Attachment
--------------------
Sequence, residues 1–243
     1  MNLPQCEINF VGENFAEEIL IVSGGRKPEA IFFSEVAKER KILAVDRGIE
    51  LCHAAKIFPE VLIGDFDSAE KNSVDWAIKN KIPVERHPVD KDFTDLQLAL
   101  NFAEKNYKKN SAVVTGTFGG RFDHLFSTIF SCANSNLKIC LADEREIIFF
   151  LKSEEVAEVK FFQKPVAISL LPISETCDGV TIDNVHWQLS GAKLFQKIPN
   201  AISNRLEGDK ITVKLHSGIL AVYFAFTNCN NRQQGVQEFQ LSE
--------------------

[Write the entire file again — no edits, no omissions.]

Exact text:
Sequence, residues 1–243
     1  MNLPQCEINF VGENFAEEIL IVSGGRKPEA IFFSEVAKER KILAVDRGIE
    51  LCHAAKIFPE VLIGDFDSAE KNSVDWAIKN KIPVERHPVD KDFTDLQLAL
   101  NFAEKNYKKN SAVVTGTFGG RFDHLFSTIF SCANSNLKIC LADEREIIFF
   151  LKSEEVAEVK FFQKPVAISL LPISETCDGV TIDNVHWQLS GAKLFQKIPN
   201  AISNRLEGDK ITVKLHSGIL AVYFAFTNCN NRQQGVQEFQ LSE